Tim Bowen explains why an English student could run into some problems trying to form phrasal verbs with the verb to run.

Up and down are clearly opposing concepts. When you use them as prepositions (and not as part of phrasal verbs), you can run up a hill and then run down it again. If only phrasal verbs were as simple!

You can run up a large bill in a restaurant (accumulate an extensive debt) or you can run up a pair of trousers (make them very quickly). However, if you run someone down (as in You’re always running me down), you criticize them unfairly and if you run down a business or a factory, you gradually allow it to become smaller until it eventually closes. Similarly run in (to) and run out (of) are not opposites as phrasal verbs. You run in a new car (drive it slowly so that you do not damage the engine) or you run into someone in the street (meet them unexpectedly), whereas if something runs out, you have no more of it left (as in They returned from South Africa when their money ran out). Also related to driving, if you drive into (usually at speed) and knock someone or something over, it can be said to have been run down ('the assassin ran the victim down with his truck). Similarly, if you run over something you drive over it and cause it injury ('Our cat got run over last week').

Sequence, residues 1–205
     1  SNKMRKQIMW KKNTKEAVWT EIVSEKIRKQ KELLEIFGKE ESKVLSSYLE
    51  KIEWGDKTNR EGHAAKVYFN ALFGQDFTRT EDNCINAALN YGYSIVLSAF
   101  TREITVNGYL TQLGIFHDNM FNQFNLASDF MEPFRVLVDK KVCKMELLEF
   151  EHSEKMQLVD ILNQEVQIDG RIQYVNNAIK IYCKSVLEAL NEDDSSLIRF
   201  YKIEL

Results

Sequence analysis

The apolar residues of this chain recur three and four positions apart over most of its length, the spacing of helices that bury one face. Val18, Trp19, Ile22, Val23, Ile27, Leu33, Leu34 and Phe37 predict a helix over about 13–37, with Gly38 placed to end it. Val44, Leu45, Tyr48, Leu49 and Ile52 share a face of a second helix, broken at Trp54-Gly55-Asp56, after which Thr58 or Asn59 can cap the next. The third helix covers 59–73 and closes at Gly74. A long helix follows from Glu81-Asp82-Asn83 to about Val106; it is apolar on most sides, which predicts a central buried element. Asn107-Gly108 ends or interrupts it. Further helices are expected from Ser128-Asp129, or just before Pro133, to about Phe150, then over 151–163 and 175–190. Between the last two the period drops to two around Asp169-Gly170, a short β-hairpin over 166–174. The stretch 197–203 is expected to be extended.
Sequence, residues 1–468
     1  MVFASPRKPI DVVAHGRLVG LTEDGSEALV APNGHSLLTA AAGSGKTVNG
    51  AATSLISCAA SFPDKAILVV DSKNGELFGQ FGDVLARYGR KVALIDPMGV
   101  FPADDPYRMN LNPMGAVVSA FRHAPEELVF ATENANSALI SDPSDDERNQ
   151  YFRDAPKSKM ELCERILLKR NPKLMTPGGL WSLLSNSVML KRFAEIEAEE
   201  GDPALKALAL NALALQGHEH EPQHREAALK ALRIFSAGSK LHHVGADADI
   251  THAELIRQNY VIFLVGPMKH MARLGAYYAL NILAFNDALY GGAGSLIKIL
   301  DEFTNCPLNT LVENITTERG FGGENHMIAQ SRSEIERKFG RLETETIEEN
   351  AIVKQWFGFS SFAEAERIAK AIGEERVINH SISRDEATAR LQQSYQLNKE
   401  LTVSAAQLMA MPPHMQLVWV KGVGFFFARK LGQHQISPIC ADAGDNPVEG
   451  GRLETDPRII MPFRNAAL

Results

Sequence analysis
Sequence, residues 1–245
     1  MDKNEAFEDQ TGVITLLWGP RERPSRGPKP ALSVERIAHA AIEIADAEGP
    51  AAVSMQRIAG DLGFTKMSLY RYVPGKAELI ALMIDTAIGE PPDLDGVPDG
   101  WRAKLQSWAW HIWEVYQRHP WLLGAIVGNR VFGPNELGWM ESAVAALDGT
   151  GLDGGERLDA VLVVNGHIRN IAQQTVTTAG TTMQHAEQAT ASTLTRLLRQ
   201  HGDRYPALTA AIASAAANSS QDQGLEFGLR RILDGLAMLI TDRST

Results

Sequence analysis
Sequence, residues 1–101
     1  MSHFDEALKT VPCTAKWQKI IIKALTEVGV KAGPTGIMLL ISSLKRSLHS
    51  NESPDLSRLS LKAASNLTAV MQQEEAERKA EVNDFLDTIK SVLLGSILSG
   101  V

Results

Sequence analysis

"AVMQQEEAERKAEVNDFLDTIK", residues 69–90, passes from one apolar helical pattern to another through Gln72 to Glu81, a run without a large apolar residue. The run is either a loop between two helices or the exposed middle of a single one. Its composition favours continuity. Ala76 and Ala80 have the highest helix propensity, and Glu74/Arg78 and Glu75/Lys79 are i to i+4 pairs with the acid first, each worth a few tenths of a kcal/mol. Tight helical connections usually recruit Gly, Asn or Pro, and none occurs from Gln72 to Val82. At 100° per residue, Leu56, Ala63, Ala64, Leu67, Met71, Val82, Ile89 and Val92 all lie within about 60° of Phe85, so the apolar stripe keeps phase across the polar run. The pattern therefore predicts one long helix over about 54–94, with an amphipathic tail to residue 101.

In the case of on and off, an event like a meeting can run on (continue for longer than expected or planned), but if you run something off, you quickly print a copy of it (Could you run off some copies of the agenda?) or you quickly compose something like a poem or a speech (James can run off a speech for any occasion). Finally, if you have been running around all day (very busy doing different things), you may not have time to run through (rehearse) that speech James wrote for you, which might cause you to run up against (encounter) a few problems.